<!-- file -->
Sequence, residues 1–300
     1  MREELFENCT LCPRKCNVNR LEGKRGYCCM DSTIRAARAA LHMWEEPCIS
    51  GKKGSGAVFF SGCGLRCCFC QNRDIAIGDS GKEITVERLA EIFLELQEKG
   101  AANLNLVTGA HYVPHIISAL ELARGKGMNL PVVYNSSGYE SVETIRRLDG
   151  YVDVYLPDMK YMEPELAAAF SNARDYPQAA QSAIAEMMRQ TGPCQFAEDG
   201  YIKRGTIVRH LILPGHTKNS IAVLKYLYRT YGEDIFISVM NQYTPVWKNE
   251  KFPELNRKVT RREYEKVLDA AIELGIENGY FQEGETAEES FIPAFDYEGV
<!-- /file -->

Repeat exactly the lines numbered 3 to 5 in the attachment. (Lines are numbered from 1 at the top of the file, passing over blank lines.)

    51  GKKGSGAVFF SGCGLRCCFC QNRDIAIGDS GKEITVERLA EIFLELQEKG
   101  AANLNLVTGA HYVPHIISAL ELARGKGMNL PVVYNSSGYE SVETIRRLDG
   151  YVDVYLPDMK YMEPELAAAF SNARDYPQAA QSAIAEMMRQ TGPCQFAEDG